In the last couple weeks, two agencies I’ve been working with onsite, every quarter wrapped up our first year together. As part of their homework, they had to prepare a PPT deck of every goal that they had crushed as a leadership team. I have to tell you — it was impressive. I take no credit for their efforts other than holding them as capable and accountable. They did all the hard work. I promise you, if I’d shown either agency owner the list of what they presented a year ago and promised them they’d get all of those items done (and done well) they would have laughed out loud. They’d never achieved so much in a mere 52 weeks before. So what was different? Their intentions. They entered into this year-long experiment by making a commitment to each other that they would not drop the ball or let each other off the hook. And they didn’t. Here’s what else made their efforts so successful. They didn’t over commit. One single focus per quarter and they weren’t allowed to chase any squirrels until their original commitment was complete. Regular accountability meetings. They met and reported on their progress. There was no tolerance for excuses, evasion, or the usual “well, we know you’ve been busy....” Measure what matters. We set up a list of metrics and they measured themselves against them every week. They were never surprised and they found that they anticipated shifts faster and better. They decided together which needs should get priority attention. There were no lone rangers, not even the owner. They worked in concert to assess what the agency needed most and what was needed to get it done. They stopped [...]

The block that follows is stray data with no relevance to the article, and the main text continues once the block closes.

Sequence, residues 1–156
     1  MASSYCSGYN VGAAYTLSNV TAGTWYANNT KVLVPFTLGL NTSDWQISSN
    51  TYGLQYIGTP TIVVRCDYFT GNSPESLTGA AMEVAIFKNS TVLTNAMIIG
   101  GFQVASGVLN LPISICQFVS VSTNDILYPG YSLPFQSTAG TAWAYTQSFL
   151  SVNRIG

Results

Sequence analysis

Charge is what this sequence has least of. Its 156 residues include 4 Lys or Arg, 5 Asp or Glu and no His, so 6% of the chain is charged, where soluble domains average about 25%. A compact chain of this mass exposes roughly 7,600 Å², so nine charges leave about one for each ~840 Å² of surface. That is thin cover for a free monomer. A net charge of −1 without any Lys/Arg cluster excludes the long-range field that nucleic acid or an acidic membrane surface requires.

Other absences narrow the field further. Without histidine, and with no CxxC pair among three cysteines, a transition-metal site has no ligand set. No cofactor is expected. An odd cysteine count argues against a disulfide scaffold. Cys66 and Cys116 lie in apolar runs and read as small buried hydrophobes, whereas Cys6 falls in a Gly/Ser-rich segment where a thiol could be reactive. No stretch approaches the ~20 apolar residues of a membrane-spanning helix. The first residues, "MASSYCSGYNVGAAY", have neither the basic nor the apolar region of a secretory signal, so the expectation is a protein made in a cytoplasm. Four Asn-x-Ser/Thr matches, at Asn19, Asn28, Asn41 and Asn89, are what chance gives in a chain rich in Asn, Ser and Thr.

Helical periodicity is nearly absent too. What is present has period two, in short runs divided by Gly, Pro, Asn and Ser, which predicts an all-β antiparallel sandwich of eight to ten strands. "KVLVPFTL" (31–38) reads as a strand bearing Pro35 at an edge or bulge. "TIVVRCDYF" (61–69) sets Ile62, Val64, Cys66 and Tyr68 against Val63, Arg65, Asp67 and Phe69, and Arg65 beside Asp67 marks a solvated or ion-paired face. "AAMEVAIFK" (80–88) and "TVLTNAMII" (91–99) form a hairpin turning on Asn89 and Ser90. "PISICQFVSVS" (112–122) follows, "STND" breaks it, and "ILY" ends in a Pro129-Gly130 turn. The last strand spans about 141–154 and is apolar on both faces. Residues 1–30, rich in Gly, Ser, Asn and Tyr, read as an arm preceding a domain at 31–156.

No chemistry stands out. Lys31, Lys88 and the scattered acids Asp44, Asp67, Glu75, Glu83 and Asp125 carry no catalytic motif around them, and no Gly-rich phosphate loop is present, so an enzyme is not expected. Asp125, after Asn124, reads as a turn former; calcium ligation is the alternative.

Attracting and retaining talent is likely a challenge in this unprecedented time. The coronavirus pandemic forced agencies around the globe to go fully remote whether they were ready to or not. Only 16% of HR professionals say they were ready to go 100% digital. Right now, it’s imperative to control what you can, and when it comes to hiring, you still hold the cards. By shoring up your hiring process now, you’ll strengthen your talent recruitment and onboarding processes in a way that sets you and future employees up for success. I recently wrote an article for Business 2 Community about this very topic. I hope you take the time to read through it and let me know what you think. I look forward to hearing back from you!